British Columbia

Lack of emergency procedures contributed to Fernie arena deaths: WorkSafeBC

A WorkSafeBC report into an ammonia leak which killed three workers at a Fernie hockey rink says the city's lack of emergency procedures led to the tragedy.

Report says city hadn't reviewed emergency procedures or conducted practice drills for 'many years'

A memorial is seen outside of city hall in Fernie, B.C., after an ammonia leak at the local ice rink killed Fernie residents Wayne Hornquist, 59, Lloyd Smith, 52, and 46-year-old Jason Podloski of Turner Valley, Alta. (Lauren Krugel/The Canadian Press)

A WorkSafeBC investigation into an ammonia leak which killed three workers at a Fernie arena blames an aging refrigeration system and years of unheeded warnings for the tragedy.

The 74-page report cites failures on the parts of both the City of Fernie and CIMCO refrigeration contractor to ensure crucial safety procedures and risk assessment tools were implemented and understood by workers.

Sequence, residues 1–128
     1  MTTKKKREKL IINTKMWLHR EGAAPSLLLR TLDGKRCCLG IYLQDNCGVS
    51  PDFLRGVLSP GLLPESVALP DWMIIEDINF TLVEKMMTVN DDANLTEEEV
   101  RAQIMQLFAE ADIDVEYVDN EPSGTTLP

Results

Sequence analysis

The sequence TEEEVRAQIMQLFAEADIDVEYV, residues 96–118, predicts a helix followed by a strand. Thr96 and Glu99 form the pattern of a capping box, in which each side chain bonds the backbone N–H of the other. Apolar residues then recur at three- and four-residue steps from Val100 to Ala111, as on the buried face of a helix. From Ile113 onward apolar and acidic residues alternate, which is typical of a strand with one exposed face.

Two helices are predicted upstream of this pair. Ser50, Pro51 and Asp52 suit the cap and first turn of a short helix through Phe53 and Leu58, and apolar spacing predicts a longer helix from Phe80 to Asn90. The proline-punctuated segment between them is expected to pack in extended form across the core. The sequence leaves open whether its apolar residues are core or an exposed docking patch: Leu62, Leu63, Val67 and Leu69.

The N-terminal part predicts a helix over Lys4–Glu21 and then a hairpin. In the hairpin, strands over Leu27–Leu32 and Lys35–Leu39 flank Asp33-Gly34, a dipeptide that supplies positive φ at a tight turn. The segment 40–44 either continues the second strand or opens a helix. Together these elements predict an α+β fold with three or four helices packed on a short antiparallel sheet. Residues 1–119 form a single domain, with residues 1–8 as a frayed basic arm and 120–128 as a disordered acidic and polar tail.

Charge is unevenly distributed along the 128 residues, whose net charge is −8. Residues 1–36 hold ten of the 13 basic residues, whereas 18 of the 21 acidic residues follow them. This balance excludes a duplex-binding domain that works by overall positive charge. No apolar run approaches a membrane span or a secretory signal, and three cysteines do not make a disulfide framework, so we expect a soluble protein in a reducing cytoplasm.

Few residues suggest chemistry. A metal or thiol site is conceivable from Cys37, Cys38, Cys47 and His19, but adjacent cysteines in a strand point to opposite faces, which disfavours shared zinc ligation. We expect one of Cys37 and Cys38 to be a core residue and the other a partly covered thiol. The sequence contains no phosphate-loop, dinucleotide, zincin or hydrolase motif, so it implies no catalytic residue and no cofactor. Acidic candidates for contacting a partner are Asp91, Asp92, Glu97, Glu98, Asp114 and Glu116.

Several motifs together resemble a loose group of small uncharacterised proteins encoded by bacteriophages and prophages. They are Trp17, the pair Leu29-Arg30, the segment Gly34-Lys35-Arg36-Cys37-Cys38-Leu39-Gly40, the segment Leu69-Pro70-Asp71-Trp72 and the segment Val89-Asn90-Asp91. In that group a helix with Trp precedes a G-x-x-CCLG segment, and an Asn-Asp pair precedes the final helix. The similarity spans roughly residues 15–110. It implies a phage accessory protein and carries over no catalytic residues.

The investigation identified violations of the Workers Compensation Act by both the city and CIMCO, as well as multiple violations of Occupational Health and Safety Regulations by the city.

"Fernie had not reviewed the emergency procedures or conducted any practice drills for many years prior to the incident," the document says.

"When the upset condition occurred, and Fernie's workers responded to the first alarms, they were unfamiliar with the procedures, and important provisions prescribed by the procedures were overlooked."

'The curling club test looks bad!'

Lloyd Smith, Wayne Hornquist and Jason Podloski were all killed on Oct. 17, 2017 while trying to fix the Fernie Memorial hockey and curling arena's ice-making equipment.

Smith was Fernie's director of leisure services, Hornquist was the city's chief facility operator and Podloski was a refrigeration technician with contractor CIMCO Refrigeration.

Ammonia is used to make ice because of the fact it cools when turned into a gas.